I spent the Bank holiday weekend at Reading Festival. Being well past the age when camping in overcrowded conditions with thousands of insomniac teenagers stopped being fun I now temper my festival experience by staying in a local hotel. Being a true Yorkshireman and appreciating the value of money (or being mean if you want to apply that reframe) I stayed in a basic bed and breakfast with my brother in law. He had booked it about 9 months in advance and called them to confirm all was well and there was on site parking. His text to me was typically cryptic.
Hi just checked B&B all booked in, check in from 1400.
No having fun
But it did set the scene for my first meeting with our hostess.
On the Thursday my daughter was keen to get going to secure a reasonable place to camp and after grinding through the traffic I arrived at the B&B at 13.30. I parked and leaving my bag in the car, in case , went into the B&B to see if I could check in or at least leave my car in the car park while I went for a stroll to the pub. The Landlady greeted me with a gruff:
it’s 1.30. Another one who can’t tell the time.
I said I knew I was early and if the room was not ready I was happy to come back in an hour or so. The landlady said that the room was ready and I was welcome to come in.
I’ve had them here at 9.30. It clearly says 2pm. And checking out, asking if they can check out later. It says right here on the key fob 10.00. This weekend of all times. You get all sorts, especially this weekend
I took it from the tone that ‘all sorts’ was not seen as a desirable state of affairs. But wanting to help her achieve a higher state of being (OK wanting to wind her up a bit) I said “How lovely, it must be great to meet a different type of guest than the usual business travellers”.
Her expression suggested that it wasn’t great at all. She showed me to the rather tired room. Never has the word ‘adequate’ been so apt.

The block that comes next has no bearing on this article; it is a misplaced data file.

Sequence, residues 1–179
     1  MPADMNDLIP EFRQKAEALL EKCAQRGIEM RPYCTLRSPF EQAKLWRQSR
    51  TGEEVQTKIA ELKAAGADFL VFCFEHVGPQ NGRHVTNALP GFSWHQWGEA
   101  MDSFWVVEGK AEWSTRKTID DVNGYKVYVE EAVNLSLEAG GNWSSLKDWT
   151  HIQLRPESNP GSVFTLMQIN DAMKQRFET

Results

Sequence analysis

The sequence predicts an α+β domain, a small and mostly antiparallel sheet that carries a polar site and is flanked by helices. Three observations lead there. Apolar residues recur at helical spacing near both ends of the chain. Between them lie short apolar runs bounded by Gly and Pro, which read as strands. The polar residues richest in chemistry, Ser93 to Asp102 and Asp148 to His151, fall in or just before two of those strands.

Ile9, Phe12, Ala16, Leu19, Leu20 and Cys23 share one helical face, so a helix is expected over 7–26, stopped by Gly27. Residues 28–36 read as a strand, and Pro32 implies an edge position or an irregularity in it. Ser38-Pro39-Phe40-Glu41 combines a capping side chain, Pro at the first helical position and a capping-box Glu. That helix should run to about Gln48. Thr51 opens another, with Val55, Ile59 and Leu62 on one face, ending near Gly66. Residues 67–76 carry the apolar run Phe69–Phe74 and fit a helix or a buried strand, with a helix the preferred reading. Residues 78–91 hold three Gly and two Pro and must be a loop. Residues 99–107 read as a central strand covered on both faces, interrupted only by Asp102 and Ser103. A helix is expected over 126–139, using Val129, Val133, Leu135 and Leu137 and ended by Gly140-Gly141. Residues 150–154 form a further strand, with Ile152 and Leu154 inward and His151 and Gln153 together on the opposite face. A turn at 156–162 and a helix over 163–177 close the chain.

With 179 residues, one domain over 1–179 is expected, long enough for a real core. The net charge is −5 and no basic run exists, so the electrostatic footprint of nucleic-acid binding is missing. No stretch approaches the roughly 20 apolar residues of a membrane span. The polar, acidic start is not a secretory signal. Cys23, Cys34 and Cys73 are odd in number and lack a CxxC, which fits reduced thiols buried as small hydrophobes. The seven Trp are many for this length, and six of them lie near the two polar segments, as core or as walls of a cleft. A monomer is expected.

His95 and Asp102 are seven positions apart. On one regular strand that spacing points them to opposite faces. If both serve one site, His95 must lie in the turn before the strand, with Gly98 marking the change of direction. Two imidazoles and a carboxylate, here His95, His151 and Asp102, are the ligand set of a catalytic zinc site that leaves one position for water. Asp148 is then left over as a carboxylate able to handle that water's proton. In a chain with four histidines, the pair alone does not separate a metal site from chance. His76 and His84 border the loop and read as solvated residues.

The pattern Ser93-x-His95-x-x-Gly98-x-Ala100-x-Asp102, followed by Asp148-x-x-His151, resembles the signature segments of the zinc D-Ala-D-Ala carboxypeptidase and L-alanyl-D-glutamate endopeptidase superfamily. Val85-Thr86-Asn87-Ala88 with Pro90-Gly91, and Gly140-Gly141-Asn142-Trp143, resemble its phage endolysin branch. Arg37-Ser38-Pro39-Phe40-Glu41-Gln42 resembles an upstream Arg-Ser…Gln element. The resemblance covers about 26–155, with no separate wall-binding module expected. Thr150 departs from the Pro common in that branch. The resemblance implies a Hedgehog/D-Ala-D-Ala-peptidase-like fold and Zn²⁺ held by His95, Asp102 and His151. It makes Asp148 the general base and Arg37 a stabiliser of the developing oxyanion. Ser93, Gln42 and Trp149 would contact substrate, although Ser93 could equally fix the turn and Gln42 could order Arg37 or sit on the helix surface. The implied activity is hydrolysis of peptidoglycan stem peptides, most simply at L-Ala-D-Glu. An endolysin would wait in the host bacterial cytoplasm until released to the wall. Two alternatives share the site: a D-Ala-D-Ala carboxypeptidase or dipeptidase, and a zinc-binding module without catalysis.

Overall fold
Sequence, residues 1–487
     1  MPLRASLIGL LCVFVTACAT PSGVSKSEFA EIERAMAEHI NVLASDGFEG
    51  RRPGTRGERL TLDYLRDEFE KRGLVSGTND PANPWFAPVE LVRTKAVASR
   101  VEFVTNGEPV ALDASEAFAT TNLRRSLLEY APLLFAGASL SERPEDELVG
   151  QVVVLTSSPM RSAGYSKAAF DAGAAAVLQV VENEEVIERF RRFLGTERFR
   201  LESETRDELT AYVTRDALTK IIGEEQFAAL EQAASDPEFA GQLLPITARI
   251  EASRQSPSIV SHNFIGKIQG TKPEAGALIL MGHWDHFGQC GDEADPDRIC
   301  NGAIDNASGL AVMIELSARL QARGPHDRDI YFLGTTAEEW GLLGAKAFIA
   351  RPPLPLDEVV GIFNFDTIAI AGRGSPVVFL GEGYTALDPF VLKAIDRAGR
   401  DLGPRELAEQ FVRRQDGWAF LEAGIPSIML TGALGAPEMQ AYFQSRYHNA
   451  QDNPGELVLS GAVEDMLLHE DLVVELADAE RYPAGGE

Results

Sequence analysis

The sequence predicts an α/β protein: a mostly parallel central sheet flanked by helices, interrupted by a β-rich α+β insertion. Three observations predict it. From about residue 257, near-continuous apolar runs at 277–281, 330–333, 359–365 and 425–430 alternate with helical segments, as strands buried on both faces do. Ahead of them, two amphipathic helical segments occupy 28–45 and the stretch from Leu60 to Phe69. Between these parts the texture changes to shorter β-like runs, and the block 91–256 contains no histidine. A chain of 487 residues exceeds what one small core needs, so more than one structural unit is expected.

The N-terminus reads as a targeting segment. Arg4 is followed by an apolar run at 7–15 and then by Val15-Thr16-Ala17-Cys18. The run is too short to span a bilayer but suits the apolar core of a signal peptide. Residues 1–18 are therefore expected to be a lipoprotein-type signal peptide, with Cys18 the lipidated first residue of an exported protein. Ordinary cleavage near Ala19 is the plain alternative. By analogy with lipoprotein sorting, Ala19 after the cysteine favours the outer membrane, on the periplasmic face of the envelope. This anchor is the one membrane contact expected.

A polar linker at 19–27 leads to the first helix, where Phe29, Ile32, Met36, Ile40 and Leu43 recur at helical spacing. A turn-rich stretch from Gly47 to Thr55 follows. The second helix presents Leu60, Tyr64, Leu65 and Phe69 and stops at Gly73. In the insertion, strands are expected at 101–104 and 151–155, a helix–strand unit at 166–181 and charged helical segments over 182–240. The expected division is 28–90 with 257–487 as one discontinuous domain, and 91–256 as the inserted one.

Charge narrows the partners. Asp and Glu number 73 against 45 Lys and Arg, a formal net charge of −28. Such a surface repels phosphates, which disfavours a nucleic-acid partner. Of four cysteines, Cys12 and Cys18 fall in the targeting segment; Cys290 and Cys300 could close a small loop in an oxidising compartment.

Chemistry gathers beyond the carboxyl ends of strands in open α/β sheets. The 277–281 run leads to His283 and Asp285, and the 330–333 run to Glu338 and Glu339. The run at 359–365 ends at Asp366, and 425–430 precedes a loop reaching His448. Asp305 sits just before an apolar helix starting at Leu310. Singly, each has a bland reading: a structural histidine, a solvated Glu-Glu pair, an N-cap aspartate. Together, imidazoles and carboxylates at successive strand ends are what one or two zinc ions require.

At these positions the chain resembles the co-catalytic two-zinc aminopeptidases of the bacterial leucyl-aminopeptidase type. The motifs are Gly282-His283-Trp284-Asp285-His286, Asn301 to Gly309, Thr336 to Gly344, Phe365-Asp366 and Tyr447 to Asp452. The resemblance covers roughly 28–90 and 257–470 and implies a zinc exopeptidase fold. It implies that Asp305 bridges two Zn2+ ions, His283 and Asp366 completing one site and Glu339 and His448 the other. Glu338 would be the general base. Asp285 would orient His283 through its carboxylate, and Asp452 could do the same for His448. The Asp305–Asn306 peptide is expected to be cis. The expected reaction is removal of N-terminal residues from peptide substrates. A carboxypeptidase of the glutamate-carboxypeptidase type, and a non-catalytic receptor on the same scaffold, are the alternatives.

It will soon be getting busy. The great unwashed arriving.
I said that it was already very busy and when I dropped my daughter off the town centre was at a near standstill.
I don’t call that traffic. Soon it will be nose to tail all along here. That’s traffic. Every day it’s terrible it is.
“That does make getting about awkward but it’s great for you having so many people pass by, no need to advertise! And great for the town too. If the town is busy it must be good for your business.”
Looks like another muddy one. Last year the mud was terrible. They walked it in everywhere they did.
“Well” I said, looking at the grubby decor “I am surprised as I was at the festival last year and don’t recall any rain. In any case, it doesn’t seem to have done any lasting damage. I guess a wet festival must be good for business as it makes people more likely to use a B&B ”
Forecast for rain, even snow. That will be nice for that lot.
“Oh, the forecast I saw is for it to be a bit chilly but mostly dry. Snow in August. That would give us all a tale to tell!”
The next morning over breakfast the landlady chatted with various guests about various guests. Interesting as I wondered what she was saying about me.
I wonder if we’ll see those two girls? I doubt it. I bet they won’t surface.
“That saves you the trouble of cooking and the cost of the meal. All extra profit.”
That Indian girl’s dad rang at midnight last night to see if she was in. He booked her in here and paid for it.
“It’s wonderful to see a father allowing his daughter the freedom and yet keeping a discrete check.”
One guest asked if the doors were locked at any time and was treated to a sarcastic refresh on how one of the keys opened the front door and the other his room followed by threats of physical harm should anyone lose a key and require letting in late at night, further followed by a critique of the headline acts
Noisy rubbish. Dreadful thumping all night, no proper tunes. Hasn’t been an act worth seeing for years.
“The organisers have to move with the times. Most of the people sitting here paid a lot of money to watch these bands, 90,000 people will be watching tonight plus a large TV audience.”
I’d love to report that my repeated reframing changed her in some way. I doubt it did because she was rarely listening out for anything except a lull in the conversation into which she could inject her opinions. It wasn’t even annoying her so I gave up.
It did change me though. I decided not to ask if my daughter could pop in mid morning to use the shower in my room and I decided to hide the fact that I spilled a large glass of red wine all over the bed. I am sorry – not to the Landlady, the laundry would get it out anyway, but to my daughter who had to go a few days as one of the great unwashed.
At least it didn’t snow.